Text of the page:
BY MADELEINE MACCARA lot has changed since 1986. From travel trends to technology, from analog technology world being eclipsed by digital, Arthur Messina and Create-A-Card Inc. have spent the past 30 years immersed in—and adapting to—a world where the only constant is how quickly everything changes.
Take the business cards that started it all for Messina: What were once black-and-white calling cards with a stiff name and number have become colorful, eye-catching mini advertisements heralding the personalities behind the businesses they represent. Those calling cards now reflect their bearers’ portraits and vehicle photos with a variety of finishes, the splashy hallmark of the now-ubiquitous Create-A-Card, of which Messina is the founder and president.
Messina began his professional life armed with real-world experience gleaned from his family’s restaurants and a degree from the State University of New York at Oneonta, which prepared him for a career in business and hospitality. He found immediate employment at the Long Island Marriott, which almost as quickly revealed itself to be anything but his intended path. A cursory, though fateful, glimpse through Entrepreneur magazine during that time of dissatisfaction soon shed light on his next move: the very business cards upon which the foundation of Create-A-Card would be built.
“I worked at the Marriott for about a year and a half before I knew it was just not what I wanted—I wanted to start my own business,” Messina says. “I was looking to see what other opportunities were out there and then I read about picture business cards. At that time, really nobody had anything like that: Business cards were plain and one color. If you did something in full color, you were the bomb.”
From there, Messina diligently went to work building up a loyal client base, first benefiting from Jim Ficarra of Richard James Limousine allowing photos of his fleet’s Cadillacs to be used in Messina’s marketing collateral. News spread of his burgeoning venture, and Messina realized that he had found the market that would eventually dominate his client base: ground transportation.
Part of what made working within a luxury service industry such a lucrative business for Messina was the steep cost required to keep a successful business afloat, and how such expensive investments needed to be marketed correctly in order to recoup those necessary expenditures.
“The limousine industry was a strong market to go after because of the purchase price of the product. If anyone was spending up to $80,000 for a vehicle, they definitely needed to market it much better than they were doing, which was just a line drawing of a limousine and the company name,” he explains. “Being able to take a picture of the vehicle and put it on a card allowed them to advertise to their market better. If you hand out business cards with a picture of your vehicles, people see exactly what you have to offer.”
Though Messina began concentrating on Create-A-Card, he still needed a job with benefits that would support his growing family; he and his wife Kathy (who’s also the company vice president) had been married the year before their company was founded, and their first son Drew was born a year later in 1987. So Messina turned to nighttime jobs to make some extra money while also working for Chrysler and other companies that allowed him the flexibility to simultaneously “hawk [his] wares.” As for those after-hours gigs? That’s when he took to chauffeuring Long Island’s prom-goers for various local companies.
“Being a chauffeur gave me the knowledge of the frustrations operators face because running their businesses is not easy,” Messina says. “It also gave me insight into how their customers look at their products, like how they’re shopping for weddings, and how these companies needed help in their marketing, which I was able to use.”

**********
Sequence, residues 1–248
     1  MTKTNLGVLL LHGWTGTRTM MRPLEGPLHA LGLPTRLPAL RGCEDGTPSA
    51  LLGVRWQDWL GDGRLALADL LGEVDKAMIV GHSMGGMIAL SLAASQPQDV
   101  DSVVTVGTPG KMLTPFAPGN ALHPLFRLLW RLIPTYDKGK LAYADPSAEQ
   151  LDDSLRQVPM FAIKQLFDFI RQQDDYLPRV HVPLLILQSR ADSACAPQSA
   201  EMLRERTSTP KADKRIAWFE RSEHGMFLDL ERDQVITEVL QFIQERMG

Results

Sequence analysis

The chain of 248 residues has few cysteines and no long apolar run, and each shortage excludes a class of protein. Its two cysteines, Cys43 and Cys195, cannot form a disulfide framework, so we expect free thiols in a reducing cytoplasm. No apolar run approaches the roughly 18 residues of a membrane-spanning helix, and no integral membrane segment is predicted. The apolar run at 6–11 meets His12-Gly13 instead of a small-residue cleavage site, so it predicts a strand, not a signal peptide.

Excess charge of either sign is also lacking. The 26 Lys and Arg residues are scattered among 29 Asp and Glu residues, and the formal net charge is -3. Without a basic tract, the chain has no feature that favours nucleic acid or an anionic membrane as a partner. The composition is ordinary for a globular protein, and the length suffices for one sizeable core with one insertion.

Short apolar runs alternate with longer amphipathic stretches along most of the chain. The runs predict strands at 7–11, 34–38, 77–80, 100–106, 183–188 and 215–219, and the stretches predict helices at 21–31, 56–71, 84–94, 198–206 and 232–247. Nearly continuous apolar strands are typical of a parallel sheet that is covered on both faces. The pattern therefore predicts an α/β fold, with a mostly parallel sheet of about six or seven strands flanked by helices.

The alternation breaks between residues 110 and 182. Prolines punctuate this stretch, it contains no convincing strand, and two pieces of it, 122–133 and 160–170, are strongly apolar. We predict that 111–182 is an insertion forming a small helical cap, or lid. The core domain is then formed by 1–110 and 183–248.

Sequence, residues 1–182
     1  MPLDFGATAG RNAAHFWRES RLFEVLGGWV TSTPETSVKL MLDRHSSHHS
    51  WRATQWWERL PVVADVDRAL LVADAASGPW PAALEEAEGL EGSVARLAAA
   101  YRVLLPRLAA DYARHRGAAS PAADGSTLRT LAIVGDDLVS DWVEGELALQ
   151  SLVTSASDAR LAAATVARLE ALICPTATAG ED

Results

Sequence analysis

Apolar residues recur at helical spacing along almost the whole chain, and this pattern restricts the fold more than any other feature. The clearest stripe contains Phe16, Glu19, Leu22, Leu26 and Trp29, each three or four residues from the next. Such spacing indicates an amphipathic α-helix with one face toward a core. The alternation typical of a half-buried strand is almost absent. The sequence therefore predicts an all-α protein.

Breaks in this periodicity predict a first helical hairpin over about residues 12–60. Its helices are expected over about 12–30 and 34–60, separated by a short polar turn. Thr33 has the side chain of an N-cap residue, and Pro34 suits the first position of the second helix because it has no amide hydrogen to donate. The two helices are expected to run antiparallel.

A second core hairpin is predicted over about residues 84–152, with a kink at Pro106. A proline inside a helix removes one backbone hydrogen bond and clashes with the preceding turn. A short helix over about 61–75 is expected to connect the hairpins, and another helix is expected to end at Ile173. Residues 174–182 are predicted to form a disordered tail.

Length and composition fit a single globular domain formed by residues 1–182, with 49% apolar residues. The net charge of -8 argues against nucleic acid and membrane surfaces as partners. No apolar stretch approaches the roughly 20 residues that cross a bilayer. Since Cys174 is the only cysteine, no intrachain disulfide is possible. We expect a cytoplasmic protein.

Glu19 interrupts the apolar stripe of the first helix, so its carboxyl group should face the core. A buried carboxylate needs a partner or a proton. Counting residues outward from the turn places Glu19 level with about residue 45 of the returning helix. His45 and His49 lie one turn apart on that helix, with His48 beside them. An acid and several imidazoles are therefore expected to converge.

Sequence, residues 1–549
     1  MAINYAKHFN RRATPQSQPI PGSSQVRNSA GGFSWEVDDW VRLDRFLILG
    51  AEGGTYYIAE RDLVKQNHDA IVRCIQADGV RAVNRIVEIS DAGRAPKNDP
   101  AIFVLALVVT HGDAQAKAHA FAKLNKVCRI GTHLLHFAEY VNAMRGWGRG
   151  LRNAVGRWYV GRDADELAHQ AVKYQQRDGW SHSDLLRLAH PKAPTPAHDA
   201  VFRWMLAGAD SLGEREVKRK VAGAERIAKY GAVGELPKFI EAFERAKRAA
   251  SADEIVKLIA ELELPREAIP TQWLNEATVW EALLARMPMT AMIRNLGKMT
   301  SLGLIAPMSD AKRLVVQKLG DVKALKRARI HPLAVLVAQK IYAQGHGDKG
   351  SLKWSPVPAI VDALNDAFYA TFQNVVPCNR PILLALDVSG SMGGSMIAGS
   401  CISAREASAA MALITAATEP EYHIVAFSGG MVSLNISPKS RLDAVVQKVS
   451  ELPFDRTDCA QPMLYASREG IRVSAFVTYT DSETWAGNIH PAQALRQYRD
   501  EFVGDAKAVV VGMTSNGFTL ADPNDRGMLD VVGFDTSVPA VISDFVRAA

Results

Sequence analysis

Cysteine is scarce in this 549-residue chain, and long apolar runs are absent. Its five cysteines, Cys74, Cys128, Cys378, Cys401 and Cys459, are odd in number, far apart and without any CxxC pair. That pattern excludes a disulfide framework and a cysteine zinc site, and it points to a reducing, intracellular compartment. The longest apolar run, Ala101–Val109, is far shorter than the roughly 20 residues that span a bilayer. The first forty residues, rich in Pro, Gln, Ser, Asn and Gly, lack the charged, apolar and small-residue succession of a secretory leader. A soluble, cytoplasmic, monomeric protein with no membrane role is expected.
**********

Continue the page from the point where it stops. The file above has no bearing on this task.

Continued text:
More importantly, though, were the relationships that Messina began fostering by taking the wheel for local ground transportation companies, which laid the foundation for working partnerships turning into life long friendships. Indeed, Messina attributes Create-A-Card’s longevity to the decades-long friendships he has formed during his time working with the many operators and fellow vendors who comprise the industry, as well as his early experiences with the nearby Long Island Limousine Association (still the Nassau Suffolk Limousine Association when he became a member—the first association for which he’s served as a vendor board member, which later included the NLA), which exposed him to a wider swath of the industry on an intimately local level—and introduced both Create-A-Card and the Messina family to scores more potential clients and friends.
While Kathy has accepted a more active role as their children—Drew, 29; Ryan, 24; and Kristin, 21—have grown up and even accompanied their parents to trade shows, Create-A-Card has always been run by the Messinas working side by side. “Not many couples can work together all day, every day like we do,” Kathy says. “We have put our hearts and souls into creating a company that we are proud of, and I look forward to seeing what the next 30 years will bring.”
The Messinas’ industry involvement has only increased with time, with almost 90 percent of Create-A-Card’s business coming from ground transportation companies—which includes paratransit, motorcoaches, taxis, and, of course, luxury and black cars. (Restaurants and realtors account for that remaining 10 percent.)
While business cards remain the company’s most popular item, Create-A-Card now offers three distinct services these days: print, digital, and promotional items. The print line ranges from business cards, rack cards, and brochures of all sizes to trade show booths, banners, signage, and “anything to market your business in print.” The digital offerings are more supplementary, often digital cards and PDF files that can be attached to an email, but also include website development. The promotional items, or tchotchkes, are intended to “help keep your name in front of your clients,” like pens, mints, the increasingly popular cell phone accessories like holders and chargers, and the tried-and-true memo pads.
“Every time you use a tchotchke, it’s gimmicky but it’s also a gift that instills your brand name into people’s minds,” says Messina. “The goal is that people always see your name, number, and web address. Even if you give your kids a branded stress reliever as a toy, you see that name around the house all the time.”